Food & Agriculture

Marcia Ishii-Eiteman's picture

Organic and conventional farmers are feeling rooked. And for good reason. A USDA-appointed advisory group known as the Advisory Committee on Biotechnology and 21st Century Agriculture (AC21) has just concluded over a year’s worth of deliberation on how to address the thorny problem of transgenic contamination of organic and non-genetically engineered (GE) crops— a major threat to farmers’ businesses and livelihoods.

The result? A report recommending that farmers and taxpayers bear the heavy costs of dealing with genetic contamination, while leaving the Big 6 pesticide and GE seed manufacturers free from any responsibility for the harm caused by their products. 

Marcia Ishii-Eiteman's picture

Over last week’s Thanksgiving holiday, many Americans will have paused to savor the blessings of health, family and community. Some of us will have binged on too much turkey and consumption-crazed Black Friday sales. But for the world’s biggest pesticide and seed biotech companies, the entire year has been one long feeding frenzy. This frenzy culminated in recent months in a multi-billion dollar spending spree in which, reports Bloomberg, three of the "Big 6" pesticide companies (Syngenta, Bayer and BASF) together shelled out over two billion dollars to acquire biopesticide and other “green product” companies.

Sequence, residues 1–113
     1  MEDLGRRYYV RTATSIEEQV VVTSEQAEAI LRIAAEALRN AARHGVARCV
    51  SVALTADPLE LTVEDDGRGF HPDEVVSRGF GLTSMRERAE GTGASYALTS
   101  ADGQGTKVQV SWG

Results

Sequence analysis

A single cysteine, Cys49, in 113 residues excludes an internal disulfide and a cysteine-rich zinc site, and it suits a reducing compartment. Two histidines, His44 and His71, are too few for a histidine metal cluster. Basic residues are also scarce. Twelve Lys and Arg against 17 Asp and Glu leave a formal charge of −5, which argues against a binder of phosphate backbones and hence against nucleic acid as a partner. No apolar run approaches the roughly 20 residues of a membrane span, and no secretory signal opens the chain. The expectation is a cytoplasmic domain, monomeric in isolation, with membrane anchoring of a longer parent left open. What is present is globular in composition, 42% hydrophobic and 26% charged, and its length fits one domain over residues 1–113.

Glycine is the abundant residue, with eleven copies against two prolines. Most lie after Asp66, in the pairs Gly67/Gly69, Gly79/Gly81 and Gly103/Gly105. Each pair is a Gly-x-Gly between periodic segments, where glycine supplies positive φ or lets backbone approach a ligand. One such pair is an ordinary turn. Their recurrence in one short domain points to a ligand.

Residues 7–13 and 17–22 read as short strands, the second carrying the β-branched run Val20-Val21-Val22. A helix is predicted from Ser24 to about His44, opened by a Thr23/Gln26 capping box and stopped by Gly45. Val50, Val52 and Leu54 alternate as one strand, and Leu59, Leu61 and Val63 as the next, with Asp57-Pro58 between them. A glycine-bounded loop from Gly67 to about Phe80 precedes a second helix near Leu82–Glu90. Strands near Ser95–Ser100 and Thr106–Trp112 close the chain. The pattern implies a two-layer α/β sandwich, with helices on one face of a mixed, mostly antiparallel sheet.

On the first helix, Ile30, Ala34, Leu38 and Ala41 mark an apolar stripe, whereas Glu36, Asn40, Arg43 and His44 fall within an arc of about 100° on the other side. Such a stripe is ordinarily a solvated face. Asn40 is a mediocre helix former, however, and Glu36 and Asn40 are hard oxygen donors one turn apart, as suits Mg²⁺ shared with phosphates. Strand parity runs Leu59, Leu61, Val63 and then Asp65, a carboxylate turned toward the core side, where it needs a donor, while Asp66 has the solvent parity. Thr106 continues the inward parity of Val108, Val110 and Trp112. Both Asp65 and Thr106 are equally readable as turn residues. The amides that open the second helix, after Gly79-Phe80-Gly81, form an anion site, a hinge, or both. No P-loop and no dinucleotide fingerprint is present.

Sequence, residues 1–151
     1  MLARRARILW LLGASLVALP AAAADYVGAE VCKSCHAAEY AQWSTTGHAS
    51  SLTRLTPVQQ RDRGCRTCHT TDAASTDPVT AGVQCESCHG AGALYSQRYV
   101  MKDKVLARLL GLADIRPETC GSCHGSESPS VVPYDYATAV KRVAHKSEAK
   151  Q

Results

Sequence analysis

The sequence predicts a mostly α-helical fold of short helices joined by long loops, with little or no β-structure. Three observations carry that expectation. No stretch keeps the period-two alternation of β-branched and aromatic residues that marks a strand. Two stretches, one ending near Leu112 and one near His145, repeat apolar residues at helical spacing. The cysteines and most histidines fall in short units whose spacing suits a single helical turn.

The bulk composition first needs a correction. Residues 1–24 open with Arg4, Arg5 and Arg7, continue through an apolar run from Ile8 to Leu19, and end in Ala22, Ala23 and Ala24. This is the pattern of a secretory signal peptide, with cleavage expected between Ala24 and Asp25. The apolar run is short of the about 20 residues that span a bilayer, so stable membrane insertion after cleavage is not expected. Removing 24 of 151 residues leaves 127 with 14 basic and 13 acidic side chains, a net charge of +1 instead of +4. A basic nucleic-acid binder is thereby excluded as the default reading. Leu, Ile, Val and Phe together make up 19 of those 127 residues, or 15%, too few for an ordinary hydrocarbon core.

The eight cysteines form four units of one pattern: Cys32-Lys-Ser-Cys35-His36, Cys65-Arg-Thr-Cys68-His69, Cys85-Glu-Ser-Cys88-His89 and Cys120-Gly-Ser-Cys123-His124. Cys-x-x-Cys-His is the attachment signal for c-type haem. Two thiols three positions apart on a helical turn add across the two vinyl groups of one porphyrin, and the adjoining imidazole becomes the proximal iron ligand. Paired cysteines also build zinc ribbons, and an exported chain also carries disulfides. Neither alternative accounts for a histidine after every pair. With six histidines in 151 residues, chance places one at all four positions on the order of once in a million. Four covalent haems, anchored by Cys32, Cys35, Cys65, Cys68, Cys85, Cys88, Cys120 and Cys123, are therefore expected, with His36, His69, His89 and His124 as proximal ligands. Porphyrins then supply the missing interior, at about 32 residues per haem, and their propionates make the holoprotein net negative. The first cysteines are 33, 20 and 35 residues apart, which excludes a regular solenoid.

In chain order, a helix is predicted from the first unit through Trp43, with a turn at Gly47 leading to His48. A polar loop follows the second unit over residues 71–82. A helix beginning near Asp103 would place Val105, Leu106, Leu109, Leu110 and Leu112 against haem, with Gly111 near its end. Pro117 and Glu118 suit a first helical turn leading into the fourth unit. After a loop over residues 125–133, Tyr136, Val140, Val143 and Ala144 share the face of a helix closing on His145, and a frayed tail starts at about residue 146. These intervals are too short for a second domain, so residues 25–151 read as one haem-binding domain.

Concerns over corporate "greenwashing" notwithstanding, the larger issue here is a new frontier of market-making and corporate consolidation from the people who brought us "DDT is good for me" commercials. 

Marcia Ishii-Eiteman's picture

As a scientist at Pesticide Action Network, I am frequently asked these days to explain what genetically engineered (GE) crops have to do with pesticides. When I answer that GE crops both contain and drive up pesticide use, I am often met with earnest incredulity. We seem to need to believe that GE technology is the best thing since sliced bread.

Andrew Olsen's picture

Bees are in trouble and policymakers just aren’t acting quickly enough to help them. But home gardeners, backyard beekeepers and ordinary people all over the country have been stepping up.

Marcia Ishii-Eiteman's picture

Very big news exploding across the papers yesterday. Eating genetically engineered (GE) corn has been strongly linked to serious health effects — including mammary tumors, kidney and liver damage. A team of European scientists yesterday released the first independent long-term animal feeding study of its kind on the health effects of eating GE foods in the peer-reviewed journal Food and Chemical Toxicology.